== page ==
Question about Cars & Trucks
Not sure, but you should be able to figure it out by how the valves set. At TDC of number one cylinder on the compression stroke, the valves should be fully closed and the cam lobes for #1 will be more or less in an upward position. If this is a Nissan, I think you want the "diamond" up, but just not positive about that.
If you want to play with it and try in both positions, first turn the crankshaft back a few degrees, so no piston is at the top of block. That way, no chance of valve kissing a piston crown, the kiss of death for interference engines. On a running engine with wrong timing, that is how valves get bent or broken.
Posted on Jul 31, 2013
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Posted on Jan 02, 2017
Not sure if it is possible to have it run smoothly by being off a tooth.
The hash marks on the cam pulleys line up with the timing belt cover that goes over those pulleys. Should be two notches in the cover.
As for the lower marks...those aren't really visible till the lower aux. belt pulley is removed. Then you'll have a clear view of the line up marks. One on the inside and one on the outter area of the pulley itself.
When you put the t-belt on...it is a good idea to replace the tensioner as well.
Also when you have the new belt on...adjust the tensioner so that the handle looking thing is centered between the two notches that hold the tensioner in place to the block.
After putting all that together, its a good idea to rotate the timing belt two to four rotations till the marks all line up again. That will let you know if you are hitting the valves or not.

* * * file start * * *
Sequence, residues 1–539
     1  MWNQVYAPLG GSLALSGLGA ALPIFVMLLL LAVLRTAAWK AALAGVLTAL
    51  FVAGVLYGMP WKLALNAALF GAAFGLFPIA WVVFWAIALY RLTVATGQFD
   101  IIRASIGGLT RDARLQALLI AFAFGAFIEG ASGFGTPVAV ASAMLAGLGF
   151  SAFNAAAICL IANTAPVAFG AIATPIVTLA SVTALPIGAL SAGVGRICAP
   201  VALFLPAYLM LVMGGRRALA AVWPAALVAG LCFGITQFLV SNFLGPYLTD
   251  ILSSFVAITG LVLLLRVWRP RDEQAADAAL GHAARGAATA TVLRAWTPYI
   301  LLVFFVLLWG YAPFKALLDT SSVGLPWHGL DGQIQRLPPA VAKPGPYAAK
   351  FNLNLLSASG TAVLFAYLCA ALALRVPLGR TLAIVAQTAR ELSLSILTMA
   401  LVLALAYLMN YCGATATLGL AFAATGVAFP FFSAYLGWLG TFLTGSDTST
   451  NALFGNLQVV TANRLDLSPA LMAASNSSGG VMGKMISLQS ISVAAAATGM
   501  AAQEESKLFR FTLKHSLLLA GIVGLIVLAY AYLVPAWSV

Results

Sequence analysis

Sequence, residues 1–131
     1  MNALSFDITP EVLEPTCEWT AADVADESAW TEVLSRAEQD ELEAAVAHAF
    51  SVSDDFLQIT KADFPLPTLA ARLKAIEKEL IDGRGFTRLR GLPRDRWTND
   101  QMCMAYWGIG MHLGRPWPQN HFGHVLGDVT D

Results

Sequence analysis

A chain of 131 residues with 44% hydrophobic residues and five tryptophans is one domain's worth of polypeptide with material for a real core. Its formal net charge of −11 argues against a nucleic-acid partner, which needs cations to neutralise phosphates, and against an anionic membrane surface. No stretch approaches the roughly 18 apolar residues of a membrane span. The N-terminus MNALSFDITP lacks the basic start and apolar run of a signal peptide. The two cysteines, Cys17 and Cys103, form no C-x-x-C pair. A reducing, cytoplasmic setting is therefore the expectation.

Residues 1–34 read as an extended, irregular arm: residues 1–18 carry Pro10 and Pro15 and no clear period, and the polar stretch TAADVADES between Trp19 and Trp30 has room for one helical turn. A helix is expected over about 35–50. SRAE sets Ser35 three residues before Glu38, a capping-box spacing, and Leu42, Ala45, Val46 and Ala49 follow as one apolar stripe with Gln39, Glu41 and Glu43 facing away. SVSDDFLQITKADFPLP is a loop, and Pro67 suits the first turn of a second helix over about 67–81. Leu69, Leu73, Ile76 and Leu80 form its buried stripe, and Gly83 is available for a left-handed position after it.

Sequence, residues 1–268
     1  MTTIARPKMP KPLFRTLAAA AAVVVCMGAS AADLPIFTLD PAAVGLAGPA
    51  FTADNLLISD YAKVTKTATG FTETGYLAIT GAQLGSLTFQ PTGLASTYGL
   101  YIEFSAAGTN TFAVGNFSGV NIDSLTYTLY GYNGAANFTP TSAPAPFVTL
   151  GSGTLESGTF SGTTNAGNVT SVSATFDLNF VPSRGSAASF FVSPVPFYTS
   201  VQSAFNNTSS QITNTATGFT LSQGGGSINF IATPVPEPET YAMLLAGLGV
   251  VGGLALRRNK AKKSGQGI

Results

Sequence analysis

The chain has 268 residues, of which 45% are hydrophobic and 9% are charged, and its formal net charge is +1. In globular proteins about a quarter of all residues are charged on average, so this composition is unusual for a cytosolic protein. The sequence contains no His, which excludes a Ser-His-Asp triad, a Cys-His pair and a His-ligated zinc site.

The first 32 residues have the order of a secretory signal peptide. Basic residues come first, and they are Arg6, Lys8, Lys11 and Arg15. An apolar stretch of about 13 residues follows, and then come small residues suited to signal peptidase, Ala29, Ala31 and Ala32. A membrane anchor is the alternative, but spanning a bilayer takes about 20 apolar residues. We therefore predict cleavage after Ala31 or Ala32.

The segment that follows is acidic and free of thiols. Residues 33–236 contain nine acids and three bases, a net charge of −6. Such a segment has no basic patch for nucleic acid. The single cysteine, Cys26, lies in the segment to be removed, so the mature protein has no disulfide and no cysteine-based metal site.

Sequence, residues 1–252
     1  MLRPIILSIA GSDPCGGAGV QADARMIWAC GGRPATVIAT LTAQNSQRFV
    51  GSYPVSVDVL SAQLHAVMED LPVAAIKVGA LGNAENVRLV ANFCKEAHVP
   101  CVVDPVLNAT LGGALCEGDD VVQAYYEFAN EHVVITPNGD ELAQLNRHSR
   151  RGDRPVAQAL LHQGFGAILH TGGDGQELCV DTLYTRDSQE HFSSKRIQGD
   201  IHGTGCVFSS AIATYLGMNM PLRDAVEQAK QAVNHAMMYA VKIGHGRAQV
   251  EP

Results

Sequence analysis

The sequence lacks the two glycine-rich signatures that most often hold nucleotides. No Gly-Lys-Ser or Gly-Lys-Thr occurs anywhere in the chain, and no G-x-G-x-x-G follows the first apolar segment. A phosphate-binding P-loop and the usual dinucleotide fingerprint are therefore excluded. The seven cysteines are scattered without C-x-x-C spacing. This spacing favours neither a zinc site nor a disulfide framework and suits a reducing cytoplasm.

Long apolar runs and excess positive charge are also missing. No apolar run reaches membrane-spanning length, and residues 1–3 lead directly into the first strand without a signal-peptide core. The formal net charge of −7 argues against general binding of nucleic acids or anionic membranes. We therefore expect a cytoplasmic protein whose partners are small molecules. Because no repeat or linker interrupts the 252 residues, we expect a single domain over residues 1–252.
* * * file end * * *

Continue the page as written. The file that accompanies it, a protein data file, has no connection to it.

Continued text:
Posted on Jan 27, 2009
Rotate the engine so that No. 1 cylinder is at TDC on the
compression stroke. Check that the timing marks are aligned on the
camshaft and crankshaft pulleys. An access plug is provided in the cam
belt cover so that the camshaft timing can be checked without removal
of the cover or any other parts. Set the crankshaft to TDC by aligning
the timing mark on the crank pulley with the TDC mark on the belt
cover. Look through the access hole in the belt cover to make sure that
the timing mark on the cam drive sprocket is lined up with the pointer
on the inner belt cover.
The spring cannot be used to set belt tension; a wrench must be used on the tensioner assembly.
Posted on Nov 25, 2009
My sincere apologies for the delayed response.
I am personally going back to answer your unanswered questions.
I do not know if you still need this information, but I am going ahead and answering it anyway. You may want to Print the Diagrams for future use.
CLICK on the following LINK. It has the Timing Belt and Mark(s) Diagrams you will need.
If you would: Before Clicking: Let me know if this helped you, or if you have any additional information or questions. Feel Free to contact me at FixYa.com!
Again my apologies...
Posted on Mar 07, 2010
Remove the two bolts, the timing chain tensioner and tensioner arm.
NOTE: LH shown; RH similar.
Remove the bolts and the timing chain guides.
CAUTION: Do not compress the ratchet assembly. This will damage the ratchet assembly.
Compress the tensioner plunger, using an edge of a vise.
If the copper links are not visible, mark two links on one end and one link on the other end, and use as timing marks.
If removed, install LH and RH crankshaft sprockets.
Position the tensioner arms and tensioners, and install the bolts.
Posted on Apr 07, 2010
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